.W. Shannon learned the values of faith, family, hard work, and personal responsibility in the pews of Bethlehem Baptist Church in Lawton, Okla. He still serves there today as a Sunday School teacher.
A champion for limited government, T.W. first was elected to the state House of Representatives in 2006 from his hometown of Lawton.
Chosen by his Republican House colleagues, T.W. became Oklahoma’s youngest and first African American House speaker. He is also an enrolled member of the Chickasaw Nation.
When T.W. became speaker of the House in Oklahoma, he advocated for policies that could break the devastating cycle of government dependency, instead helping people move toward self-reliance. He understands the key to helping people who are dependent on government assistance restore their dignity is to break the cycle of generational poverty. He continues to be a leading voice in Oklahoma politics for State’s rights, and has been coined by many “the most conservative Speaker in State History.”
T.W. has worked hard to shrink the size of state government and reduce the state’s debt. He led the way to lower income tax rates so people could keep more of what they earn. He insisted that the state sell its underutilized assets. He authored the monumental workers compensation reform which saves businesses millions of dollars. He also authored welfare reform which adds work requirements for healthy food stamp recipients.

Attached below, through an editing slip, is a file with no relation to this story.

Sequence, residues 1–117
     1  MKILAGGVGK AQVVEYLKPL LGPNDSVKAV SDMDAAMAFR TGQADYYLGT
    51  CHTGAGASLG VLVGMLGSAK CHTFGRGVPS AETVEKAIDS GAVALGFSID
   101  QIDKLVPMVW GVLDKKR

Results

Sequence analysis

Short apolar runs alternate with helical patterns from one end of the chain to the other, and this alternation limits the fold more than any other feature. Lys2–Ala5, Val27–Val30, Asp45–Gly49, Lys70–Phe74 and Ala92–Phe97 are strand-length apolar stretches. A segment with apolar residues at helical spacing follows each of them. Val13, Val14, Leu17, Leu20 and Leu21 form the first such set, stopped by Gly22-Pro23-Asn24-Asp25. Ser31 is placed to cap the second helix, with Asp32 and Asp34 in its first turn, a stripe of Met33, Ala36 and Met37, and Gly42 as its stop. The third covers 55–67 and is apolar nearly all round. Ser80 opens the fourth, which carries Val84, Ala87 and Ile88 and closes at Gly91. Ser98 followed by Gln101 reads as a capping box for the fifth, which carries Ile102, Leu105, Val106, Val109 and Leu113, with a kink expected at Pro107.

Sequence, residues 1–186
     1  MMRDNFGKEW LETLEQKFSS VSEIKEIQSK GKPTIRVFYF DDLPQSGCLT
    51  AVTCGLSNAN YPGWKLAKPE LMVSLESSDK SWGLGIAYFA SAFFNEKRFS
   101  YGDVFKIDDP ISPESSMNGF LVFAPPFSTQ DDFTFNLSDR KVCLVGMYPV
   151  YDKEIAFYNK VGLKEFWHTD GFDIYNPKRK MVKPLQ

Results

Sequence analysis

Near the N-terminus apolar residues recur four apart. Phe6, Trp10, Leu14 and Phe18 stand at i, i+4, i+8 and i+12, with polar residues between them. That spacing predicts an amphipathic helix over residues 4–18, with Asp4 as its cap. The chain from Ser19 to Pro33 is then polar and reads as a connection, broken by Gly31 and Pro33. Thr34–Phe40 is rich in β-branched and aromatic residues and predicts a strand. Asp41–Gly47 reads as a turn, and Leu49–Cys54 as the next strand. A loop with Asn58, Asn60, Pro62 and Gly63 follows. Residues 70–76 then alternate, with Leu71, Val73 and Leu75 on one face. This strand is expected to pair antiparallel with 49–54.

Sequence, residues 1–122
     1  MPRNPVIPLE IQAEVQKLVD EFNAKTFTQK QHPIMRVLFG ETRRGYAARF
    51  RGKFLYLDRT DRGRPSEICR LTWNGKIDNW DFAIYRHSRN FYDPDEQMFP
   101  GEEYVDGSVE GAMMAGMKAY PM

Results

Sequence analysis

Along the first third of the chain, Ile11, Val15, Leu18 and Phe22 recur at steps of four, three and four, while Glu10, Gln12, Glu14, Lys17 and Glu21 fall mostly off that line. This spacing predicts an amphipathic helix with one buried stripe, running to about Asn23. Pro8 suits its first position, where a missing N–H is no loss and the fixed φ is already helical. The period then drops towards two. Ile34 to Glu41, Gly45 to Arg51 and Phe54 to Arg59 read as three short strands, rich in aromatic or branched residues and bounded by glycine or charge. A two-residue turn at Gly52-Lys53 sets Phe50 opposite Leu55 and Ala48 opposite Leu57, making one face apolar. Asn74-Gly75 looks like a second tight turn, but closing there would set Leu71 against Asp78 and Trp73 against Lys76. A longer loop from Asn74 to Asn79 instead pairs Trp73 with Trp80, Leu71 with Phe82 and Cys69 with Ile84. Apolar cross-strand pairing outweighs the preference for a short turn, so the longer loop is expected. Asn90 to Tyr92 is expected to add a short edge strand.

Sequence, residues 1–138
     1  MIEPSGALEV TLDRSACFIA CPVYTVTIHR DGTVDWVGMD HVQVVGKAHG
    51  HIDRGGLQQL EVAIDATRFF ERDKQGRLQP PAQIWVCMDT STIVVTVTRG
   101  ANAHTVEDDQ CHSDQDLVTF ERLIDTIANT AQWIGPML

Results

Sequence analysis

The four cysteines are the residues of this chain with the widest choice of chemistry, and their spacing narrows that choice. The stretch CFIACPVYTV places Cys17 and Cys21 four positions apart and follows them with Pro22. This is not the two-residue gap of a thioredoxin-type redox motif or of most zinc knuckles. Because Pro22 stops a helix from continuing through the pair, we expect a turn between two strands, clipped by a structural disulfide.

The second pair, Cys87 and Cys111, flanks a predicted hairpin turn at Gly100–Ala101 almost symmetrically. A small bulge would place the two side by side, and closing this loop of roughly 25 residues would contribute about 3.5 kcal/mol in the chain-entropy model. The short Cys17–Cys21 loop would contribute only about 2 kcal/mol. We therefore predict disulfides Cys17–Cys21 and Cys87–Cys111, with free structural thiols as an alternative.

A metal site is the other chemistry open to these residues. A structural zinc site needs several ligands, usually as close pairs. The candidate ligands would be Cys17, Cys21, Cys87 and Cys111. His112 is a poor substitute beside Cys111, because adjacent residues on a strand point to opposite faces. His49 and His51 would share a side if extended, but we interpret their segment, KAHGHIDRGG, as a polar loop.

GOPAC recently recognized T.W. by adding this proud Oklahoman to its advisory board. The Republican National Committee recently named Shannon one of its “Rising Stars.”
Shannon has reliably supported pro-life legislation. He has participated in the Pro-Family Legislators Conference, sponsored by historian David Barton’s WallBuilders organization.
T.W. earned a bachelor of arts in communications from Cameron University and holds a juris doctorate from Oklahoma City University Law School. He worked as a field representative for former Congressman J.C. Watts and served Congressman Tom Cole in the same position after he won the seat. At a young age fresh out of college, T.W. served as the chief administrative officer for the Chickasaw Nation, one of the most prosperous Native American tribes in the country.
T.W has been married to his college sweetheart, Devon, for 12 years and they have two children, Audrey Grace and T.W. II.